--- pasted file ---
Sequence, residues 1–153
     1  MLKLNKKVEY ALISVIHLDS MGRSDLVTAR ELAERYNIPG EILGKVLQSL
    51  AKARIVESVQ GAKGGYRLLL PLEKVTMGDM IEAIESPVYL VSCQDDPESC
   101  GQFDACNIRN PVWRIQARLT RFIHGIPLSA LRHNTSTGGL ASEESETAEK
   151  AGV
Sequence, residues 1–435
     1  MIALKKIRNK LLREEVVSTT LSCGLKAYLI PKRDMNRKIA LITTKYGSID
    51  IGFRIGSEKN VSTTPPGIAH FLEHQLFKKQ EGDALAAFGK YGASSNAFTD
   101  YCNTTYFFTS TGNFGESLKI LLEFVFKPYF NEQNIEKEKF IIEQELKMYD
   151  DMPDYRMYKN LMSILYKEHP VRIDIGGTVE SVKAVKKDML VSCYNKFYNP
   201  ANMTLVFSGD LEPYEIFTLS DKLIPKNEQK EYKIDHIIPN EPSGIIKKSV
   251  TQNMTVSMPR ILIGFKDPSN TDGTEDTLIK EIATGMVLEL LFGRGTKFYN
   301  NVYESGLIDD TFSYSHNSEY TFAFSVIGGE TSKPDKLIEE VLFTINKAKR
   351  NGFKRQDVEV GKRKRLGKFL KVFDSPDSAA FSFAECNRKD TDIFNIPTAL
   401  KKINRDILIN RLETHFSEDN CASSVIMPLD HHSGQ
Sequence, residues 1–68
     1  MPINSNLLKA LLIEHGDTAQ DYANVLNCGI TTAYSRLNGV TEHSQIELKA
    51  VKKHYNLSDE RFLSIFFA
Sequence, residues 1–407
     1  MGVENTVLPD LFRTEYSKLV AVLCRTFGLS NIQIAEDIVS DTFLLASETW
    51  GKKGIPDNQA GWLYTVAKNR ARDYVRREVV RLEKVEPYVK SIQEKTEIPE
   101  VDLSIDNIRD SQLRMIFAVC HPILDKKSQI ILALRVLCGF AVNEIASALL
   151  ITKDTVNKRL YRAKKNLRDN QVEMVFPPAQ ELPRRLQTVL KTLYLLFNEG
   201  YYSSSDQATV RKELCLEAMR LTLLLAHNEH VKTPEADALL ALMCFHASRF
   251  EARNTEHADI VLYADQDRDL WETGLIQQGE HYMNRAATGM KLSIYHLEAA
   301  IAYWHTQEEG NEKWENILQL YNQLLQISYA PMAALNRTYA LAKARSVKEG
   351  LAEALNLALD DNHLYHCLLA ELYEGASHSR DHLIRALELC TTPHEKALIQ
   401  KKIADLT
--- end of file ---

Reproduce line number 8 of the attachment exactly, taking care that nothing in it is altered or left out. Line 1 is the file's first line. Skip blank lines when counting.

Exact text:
    51  IGFRIGSEKN VSTTPPGIAH FLEHQLFKKQ EGDALAAFGK YGASSNAFTD